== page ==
office towards federal support for scientific research.
Should follow up with Sen. Portman's office about 2012 budget
Sen.!John Kerry (MA-D)
3:00 pm, Russell!218
Staff Contact:! Legislative Assistant!Jeremy Brandon, jeremy_brandon@kerry.senate.gov
From SPI:!!Nathaniel Schafheimer, Nicole Casasnovas, Mike Henninger, Nicholas Macfarlane, Hiro Miyake, Christina
Silcox, Johanna Wolfson
This meeting also included Abby Benson from the MIT Washington DC Office. Part of Mr. Brandon's
responsibilities include science policy. He indicated that he, and the Senator, were on board with the idea that science
funding is key to continued economic growth, and that he would vote with that in mind. Mr. Brandon did caution us
that, in the political game of the budget, no issue was a done deal, and that a vote against science funding at
COMPETES levels wouldn’t necessarily indicate the Senator having an issue with science funding, but that political
necessity demanded it. But he seemed very interested and impressed in our research stories and would love to get
more stories/examples from us at a later date.
He pointed out that we sometimes hear things before they do (about policy or governmental workings affecting
science), and we should not hesitate to drop him a heads-up.
Sen.!Mark Udall (CO-D)
3:00 pm, Hart!328
Staff Contact:! Legislative Correspondent!Dan Fenn, dan_fenn@markudall.senate.gov
From SPI:!!Jenny Rood, Scott Carlson, Omair Saddat, Nat Twarog
Mr. Fenn, who works on energy and resources, was very receptive to our message, as the Senator already supports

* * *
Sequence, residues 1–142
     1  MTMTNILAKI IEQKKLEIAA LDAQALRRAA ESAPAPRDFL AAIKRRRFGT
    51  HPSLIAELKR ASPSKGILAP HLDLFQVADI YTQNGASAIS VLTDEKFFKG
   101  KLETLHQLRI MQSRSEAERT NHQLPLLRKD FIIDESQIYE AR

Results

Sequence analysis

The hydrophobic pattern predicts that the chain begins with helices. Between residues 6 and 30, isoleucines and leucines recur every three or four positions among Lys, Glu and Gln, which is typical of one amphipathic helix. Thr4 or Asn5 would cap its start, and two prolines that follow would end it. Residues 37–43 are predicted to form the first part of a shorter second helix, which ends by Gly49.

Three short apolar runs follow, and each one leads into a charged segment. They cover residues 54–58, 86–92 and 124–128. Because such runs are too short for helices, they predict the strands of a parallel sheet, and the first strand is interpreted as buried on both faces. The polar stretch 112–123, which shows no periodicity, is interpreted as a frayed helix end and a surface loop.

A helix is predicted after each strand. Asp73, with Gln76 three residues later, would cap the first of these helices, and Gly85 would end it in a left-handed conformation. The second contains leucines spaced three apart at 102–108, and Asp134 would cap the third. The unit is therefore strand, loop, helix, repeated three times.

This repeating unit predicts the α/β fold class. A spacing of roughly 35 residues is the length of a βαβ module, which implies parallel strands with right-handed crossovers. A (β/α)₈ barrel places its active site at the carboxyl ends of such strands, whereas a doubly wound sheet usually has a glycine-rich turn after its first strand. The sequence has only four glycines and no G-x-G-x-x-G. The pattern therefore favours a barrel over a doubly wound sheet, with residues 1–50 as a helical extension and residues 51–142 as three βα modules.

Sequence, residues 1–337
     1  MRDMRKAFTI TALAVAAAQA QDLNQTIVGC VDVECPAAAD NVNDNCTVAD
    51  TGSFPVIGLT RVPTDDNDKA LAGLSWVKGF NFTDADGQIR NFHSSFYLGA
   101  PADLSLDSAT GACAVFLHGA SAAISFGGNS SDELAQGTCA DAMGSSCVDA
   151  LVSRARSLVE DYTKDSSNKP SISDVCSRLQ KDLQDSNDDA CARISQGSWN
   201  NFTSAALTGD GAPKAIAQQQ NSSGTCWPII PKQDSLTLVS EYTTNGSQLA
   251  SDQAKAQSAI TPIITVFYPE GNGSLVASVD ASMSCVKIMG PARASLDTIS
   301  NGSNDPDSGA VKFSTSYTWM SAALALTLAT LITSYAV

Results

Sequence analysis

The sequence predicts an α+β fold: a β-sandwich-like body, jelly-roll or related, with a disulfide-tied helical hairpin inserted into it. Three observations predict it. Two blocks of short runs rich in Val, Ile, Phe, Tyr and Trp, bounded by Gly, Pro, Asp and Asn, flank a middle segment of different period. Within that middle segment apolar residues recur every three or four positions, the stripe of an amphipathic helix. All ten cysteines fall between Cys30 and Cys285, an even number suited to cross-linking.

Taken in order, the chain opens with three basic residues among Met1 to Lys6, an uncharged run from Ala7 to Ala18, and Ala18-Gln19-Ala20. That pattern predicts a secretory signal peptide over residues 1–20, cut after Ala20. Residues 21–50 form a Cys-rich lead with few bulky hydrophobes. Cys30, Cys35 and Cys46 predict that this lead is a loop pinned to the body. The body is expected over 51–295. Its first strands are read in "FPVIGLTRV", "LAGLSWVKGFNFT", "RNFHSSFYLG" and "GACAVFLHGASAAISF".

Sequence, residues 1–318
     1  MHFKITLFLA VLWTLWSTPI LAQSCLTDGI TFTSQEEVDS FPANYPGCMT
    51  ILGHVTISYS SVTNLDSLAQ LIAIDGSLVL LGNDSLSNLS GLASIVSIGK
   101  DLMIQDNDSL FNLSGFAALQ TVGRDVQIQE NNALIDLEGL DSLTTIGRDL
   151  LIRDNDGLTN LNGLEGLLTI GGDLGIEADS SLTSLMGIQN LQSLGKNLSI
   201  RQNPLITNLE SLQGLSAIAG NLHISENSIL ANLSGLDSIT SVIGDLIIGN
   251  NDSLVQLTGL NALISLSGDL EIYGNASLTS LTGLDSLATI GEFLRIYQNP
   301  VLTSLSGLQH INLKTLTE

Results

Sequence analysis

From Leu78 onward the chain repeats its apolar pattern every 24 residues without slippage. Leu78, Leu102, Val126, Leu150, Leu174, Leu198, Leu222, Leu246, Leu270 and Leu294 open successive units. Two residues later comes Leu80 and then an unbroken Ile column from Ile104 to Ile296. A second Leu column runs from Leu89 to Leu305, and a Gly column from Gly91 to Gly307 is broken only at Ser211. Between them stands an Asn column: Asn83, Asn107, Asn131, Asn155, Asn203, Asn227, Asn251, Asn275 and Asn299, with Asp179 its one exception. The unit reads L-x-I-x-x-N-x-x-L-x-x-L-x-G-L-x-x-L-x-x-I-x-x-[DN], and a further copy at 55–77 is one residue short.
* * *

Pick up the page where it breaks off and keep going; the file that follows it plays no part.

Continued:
science; he was knowledgeable about programs such as ARPA-E. He also enjoyed listening to our research stories. He
was non-committal about our ask, largely due to the uncertainties in the budget at that point in time, but I definitely
think that he and the rest of the office would be worth following up with and maintaining contact with. Sen. Udall
has good reason to support science, since a lot of federally-funded institutions doing work on biotech, aerospace and
renewable energy research are located in Colorado.
Rep.!Jim Langevin (RI-D)
2:45 pm, Cannon!109
Staff Contact:! Legislative Correspondent!Christian Richards, !christian.richards@mail.house.gov
From SPI:!!Bridget Dolan, Ross Collins
SPI also met with Christian, a native of North Kingstown RI, last year. He follows the Red Sox and is taking night
classes. Congressman Langevin has always been supportive of science funding and will continue to be in the future.
He was a co-sponsor of the reauthorization act of 2010. Because he is such a strong supporter of science, we should
have a higher level ask in the future. Something like: Can you talk to Republican Congressman XX and encourage
him to change his vote in favor of funding education and research? Bridget mentioned that with the expansion of the
medical school at Brown, this would be a good opportunity for RI to improve its tech transfer to promote start-ups in
RI.
Since MIT is a leader at technology transfer, we can follow-up with the contact info for Lita Nelsen, Director of the MIT Technology
Licensing Office.
Sen.!Scott Brown (MA-R)
2:45 pm, Dirksen!359
Staff Contact:! Legislative Counsel!Jeffrey Farrah, !Jeffrey_Farrah@scottbrown.senate.gov
From SPI:!!David Healey, Yiseul Cho, Rebecca Dell, Mike Henninger, Nicholas Macfarlane, Jennifer Milne, Noah